Charlie Lowthian-Rickert, transgender tween, says she wants 'justice and peace'
Legislation will 'improve our future so that we can live a more accepting, more joyful life'
Unlike most tweens, 10-year-old Charlie Lowthian-Rickert is avidly following the federal government's proposed legislation that would guarantee legal protection to transgender Canadians.
That's because she has a much bigger stake in the bill passing than most kids. Charlie is transgender, born biologically male, but identifying as a girl.
"This [bill] basically protects transgender and two-spirit and queer people, gender queer, gender fluid, from hate propaganda, crimes, assaults, rapes, stuff like that," she told CBC News Network's Carole MacNeil.
"I'm feeling really happy that this law is passing, probably," she said.
Charlie spoke to a crowd of reporters today on Parliament Hill about what the legislation will mean for herself and other trans kids.
"It will improve our future so that we can live a more accepting, more joyful life ... I feel much safer," she said.
'This was not a phase'
By age two, Charlie's favourite colour was pink, and she wanted to dress up in high heels and have fairy wings. As a three-year-old sitting in the tub at bath time, Charlie asked, "Will my penis ever disappear? When will it shrink?"
After that, Charlie's mother, Anne Lowthian, told The Canadian Press in a 2015 interview, the family "realized this wasn't a passing thing."
"This was not a phase. This was a part of who she was."
At age four, Charlie began preschool in a rural eastern Ontario community dressed as a boy, but wearing nail polish and pink and purple clothes. She told teachers she was really a girl.
It wasn't well-accepted.
School administrators ostracized her, making her eat lunch alone, Charlie's mother said. Other students would punch and bite her, calling her "girlish boy."
In the first grade, now living full-time as a girl, Charlie remembers being jumped by an older boy.
"I was sitting in the sand and he jumped on me and I basically couldn't breathe … It was hard noticing that that could actually happen to a person just because of their gender."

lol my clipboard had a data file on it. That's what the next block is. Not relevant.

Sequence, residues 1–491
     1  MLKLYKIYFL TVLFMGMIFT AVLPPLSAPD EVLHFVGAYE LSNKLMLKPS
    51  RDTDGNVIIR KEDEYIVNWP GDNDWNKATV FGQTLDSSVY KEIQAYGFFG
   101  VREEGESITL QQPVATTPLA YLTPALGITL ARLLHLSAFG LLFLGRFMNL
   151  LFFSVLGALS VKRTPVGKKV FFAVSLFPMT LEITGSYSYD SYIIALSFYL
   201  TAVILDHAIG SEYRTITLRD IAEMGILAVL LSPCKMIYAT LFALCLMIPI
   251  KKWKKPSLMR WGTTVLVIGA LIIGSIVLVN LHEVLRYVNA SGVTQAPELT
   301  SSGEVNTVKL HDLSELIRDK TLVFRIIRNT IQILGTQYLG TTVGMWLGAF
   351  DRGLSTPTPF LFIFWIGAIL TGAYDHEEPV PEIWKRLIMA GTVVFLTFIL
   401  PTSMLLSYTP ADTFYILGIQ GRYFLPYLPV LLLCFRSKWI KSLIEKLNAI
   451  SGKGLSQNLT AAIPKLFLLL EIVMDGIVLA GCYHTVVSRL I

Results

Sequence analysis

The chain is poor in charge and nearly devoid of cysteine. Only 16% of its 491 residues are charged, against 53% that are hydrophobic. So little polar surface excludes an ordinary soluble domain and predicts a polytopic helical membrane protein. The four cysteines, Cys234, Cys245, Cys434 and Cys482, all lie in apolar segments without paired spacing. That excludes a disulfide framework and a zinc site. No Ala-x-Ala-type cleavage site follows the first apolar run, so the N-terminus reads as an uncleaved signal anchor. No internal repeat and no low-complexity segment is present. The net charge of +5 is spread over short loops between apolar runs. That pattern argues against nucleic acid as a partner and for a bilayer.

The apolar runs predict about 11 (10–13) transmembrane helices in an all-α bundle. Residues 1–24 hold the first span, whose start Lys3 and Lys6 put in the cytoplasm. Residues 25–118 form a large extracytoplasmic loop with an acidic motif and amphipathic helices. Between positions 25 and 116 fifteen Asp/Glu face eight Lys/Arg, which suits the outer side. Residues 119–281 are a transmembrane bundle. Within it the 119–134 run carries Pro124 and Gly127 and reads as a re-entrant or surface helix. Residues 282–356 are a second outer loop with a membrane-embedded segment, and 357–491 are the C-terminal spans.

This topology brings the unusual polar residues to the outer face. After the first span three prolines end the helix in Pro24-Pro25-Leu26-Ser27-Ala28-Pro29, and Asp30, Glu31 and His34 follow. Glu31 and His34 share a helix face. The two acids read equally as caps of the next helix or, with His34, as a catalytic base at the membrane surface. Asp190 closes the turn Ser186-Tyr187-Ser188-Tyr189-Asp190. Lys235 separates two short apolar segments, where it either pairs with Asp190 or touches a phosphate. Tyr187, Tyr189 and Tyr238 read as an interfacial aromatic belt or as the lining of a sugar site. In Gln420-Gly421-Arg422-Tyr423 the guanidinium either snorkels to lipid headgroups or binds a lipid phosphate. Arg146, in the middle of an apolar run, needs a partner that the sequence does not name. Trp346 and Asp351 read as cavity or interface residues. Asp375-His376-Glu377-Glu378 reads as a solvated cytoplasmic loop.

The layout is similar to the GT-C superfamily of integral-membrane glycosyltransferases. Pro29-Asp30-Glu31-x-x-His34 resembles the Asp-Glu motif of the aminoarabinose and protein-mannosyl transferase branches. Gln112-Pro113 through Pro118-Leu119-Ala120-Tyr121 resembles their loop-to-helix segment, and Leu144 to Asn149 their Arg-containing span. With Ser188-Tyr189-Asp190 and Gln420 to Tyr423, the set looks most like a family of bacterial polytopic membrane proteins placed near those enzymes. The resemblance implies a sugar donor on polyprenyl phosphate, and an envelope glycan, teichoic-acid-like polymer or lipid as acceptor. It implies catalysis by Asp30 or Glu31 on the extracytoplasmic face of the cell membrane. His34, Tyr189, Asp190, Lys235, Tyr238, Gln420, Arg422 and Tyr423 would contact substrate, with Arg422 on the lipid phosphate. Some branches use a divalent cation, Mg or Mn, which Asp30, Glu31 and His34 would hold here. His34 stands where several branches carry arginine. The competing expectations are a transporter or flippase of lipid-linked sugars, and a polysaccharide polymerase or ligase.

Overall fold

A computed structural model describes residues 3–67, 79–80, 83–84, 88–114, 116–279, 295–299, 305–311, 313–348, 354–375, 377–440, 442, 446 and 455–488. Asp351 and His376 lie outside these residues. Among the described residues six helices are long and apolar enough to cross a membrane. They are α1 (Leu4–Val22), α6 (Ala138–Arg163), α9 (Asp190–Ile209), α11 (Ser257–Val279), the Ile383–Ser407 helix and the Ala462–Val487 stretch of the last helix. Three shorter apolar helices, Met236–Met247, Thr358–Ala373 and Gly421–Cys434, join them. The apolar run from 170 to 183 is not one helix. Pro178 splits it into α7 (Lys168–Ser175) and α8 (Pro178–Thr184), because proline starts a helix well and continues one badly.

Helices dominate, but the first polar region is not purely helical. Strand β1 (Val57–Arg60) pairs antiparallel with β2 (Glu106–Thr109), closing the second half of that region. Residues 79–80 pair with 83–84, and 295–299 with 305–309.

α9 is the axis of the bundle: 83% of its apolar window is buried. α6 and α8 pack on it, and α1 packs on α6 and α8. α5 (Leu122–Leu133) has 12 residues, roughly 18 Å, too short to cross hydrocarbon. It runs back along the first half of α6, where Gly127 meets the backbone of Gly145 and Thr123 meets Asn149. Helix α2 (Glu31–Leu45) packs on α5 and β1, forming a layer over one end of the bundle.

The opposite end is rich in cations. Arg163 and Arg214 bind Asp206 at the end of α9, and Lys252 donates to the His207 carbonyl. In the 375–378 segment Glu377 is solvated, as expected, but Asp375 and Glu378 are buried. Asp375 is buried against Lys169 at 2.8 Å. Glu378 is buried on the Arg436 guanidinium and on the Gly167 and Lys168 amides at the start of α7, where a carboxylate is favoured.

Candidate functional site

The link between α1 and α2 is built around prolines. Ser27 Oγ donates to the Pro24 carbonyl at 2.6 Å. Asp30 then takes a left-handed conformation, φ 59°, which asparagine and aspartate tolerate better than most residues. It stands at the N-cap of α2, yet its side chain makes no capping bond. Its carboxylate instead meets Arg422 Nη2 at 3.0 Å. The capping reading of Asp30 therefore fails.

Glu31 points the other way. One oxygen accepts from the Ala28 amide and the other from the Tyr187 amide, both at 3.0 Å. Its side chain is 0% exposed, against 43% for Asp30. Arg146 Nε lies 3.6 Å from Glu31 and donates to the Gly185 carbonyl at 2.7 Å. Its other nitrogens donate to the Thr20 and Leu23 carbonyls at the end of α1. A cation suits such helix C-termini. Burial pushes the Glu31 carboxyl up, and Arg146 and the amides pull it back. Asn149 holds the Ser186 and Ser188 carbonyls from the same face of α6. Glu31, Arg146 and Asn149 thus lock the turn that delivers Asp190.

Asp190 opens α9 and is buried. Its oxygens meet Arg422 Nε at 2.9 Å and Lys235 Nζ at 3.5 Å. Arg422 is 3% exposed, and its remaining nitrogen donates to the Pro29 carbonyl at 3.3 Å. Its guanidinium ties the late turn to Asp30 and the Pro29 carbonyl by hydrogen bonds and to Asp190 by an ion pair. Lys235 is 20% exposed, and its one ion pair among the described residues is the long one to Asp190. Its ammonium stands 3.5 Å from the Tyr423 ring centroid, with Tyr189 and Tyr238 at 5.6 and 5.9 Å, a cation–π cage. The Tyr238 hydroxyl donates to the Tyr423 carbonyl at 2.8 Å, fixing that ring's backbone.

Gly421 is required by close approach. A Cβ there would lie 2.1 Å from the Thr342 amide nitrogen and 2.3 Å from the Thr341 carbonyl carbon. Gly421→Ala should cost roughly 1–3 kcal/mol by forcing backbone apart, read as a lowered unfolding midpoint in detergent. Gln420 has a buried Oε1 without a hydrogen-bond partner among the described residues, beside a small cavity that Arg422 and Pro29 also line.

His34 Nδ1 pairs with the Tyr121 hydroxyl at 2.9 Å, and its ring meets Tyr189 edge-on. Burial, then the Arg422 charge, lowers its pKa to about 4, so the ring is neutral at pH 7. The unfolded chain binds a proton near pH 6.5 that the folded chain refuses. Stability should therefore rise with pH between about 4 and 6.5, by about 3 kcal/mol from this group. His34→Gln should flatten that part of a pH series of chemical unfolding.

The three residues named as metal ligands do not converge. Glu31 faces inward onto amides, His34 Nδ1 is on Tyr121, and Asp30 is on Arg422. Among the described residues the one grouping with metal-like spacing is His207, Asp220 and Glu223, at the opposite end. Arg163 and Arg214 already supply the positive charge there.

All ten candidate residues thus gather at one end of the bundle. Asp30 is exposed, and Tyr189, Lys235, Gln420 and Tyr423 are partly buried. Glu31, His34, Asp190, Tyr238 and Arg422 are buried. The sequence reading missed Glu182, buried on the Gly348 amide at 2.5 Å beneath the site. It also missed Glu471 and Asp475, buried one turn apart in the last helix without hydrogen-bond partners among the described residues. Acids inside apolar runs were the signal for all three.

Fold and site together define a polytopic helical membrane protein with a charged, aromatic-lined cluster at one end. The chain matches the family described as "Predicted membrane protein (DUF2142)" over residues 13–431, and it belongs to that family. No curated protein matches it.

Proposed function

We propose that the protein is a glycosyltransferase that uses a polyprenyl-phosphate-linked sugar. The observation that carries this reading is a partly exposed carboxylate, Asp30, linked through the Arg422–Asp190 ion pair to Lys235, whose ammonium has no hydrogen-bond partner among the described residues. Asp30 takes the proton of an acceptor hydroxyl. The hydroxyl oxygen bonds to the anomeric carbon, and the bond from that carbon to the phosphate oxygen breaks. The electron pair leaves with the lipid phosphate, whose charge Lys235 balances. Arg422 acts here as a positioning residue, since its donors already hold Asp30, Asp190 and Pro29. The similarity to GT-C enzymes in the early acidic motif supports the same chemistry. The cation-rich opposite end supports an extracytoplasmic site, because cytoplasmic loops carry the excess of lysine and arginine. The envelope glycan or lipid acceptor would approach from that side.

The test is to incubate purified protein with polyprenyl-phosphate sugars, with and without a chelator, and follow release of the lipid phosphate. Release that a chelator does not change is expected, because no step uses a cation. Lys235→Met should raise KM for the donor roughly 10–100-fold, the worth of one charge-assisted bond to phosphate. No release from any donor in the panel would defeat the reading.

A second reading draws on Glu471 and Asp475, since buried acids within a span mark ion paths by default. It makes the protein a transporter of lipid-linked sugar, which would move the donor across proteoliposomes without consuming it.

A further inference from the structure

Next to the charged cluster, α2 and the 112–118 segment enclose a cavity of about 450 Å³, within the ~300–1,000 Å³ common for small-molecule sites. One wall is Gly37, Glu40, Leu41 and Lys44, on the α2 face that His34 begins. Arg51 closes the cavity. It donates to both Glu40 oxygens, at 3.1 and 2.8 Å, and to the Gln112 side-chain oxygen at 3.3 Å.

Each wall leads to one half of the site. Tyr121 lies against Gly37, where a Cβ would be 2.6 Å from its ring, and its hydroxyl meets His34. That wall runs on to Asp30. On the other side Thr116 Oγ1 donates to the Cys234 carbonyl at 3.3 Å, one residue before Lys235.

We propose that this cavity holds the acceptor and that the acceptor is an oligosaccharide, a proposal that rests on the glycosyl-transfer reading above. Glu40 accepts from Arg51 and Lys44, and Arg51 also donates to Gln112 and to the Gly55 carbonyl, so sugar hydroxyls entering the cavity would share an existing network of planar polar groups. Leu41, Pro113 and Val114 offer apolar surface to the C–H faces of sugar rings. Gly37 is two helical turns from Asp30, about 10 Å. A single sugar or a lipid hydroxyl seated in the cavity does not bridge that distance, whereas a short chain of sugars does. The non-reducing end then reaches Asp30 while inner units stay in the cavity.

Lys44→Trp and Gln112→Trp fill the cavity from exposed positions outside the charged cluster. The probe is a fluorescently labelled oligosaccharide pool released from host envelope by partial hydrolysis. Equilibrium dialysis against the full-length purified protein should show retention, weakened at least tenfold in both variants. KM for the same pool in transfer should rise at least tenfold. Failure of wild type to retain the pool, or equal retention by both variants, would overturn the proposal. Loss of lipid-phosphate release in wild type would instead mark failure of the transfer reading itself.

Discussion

The kid who bullied her eventually told Charlie that he was just paranoid about what she could do to him.
"He basically thought that I could have been a monster," she said. "He didn't know what being transgender was or anything like that until I actually taught him about it later on."
'I can live my life by who I want to be'
Weighing in on the "bathroom wars" currently rocking certain U.S. states, Charlie said fears that trans people or those pretending to be trans will attack women in bathrooms are unfounded.
"It's actually the exact opposite. [Transgender people are] the ones getting assaulted and raped… So if I went into the boys' washroom, then it would have been pretty bad."
Charlie thinks that those who oppose transgender rights are just uninformed.
"Transphobic people don't have enough information about who we really are," she said. "They don't know that we're the exact same as them."
To Charlie, it's all pretty simple.
"I just feel as if I'm in the right body now... I can live my life by who I want to be and not just be trapped in that place where I can't get out and free myself."
'I want justice and peace'
When Charlie grows up, she wants to be an activist for transgender rights, which might involve a stint as a politician.
"I think I'm getting pretty used to the media, and I think I could eventually be a good speechmaker or be a good member of Parliament," she said. "What I'm trying to do is raise awareness for transgender people."
Charlie said that once equality is achieved for transgender people, she'll move on to fighting for other causes.
"What I want in the world is justice. I want justice and peace," she said.
With files from The Canadian Press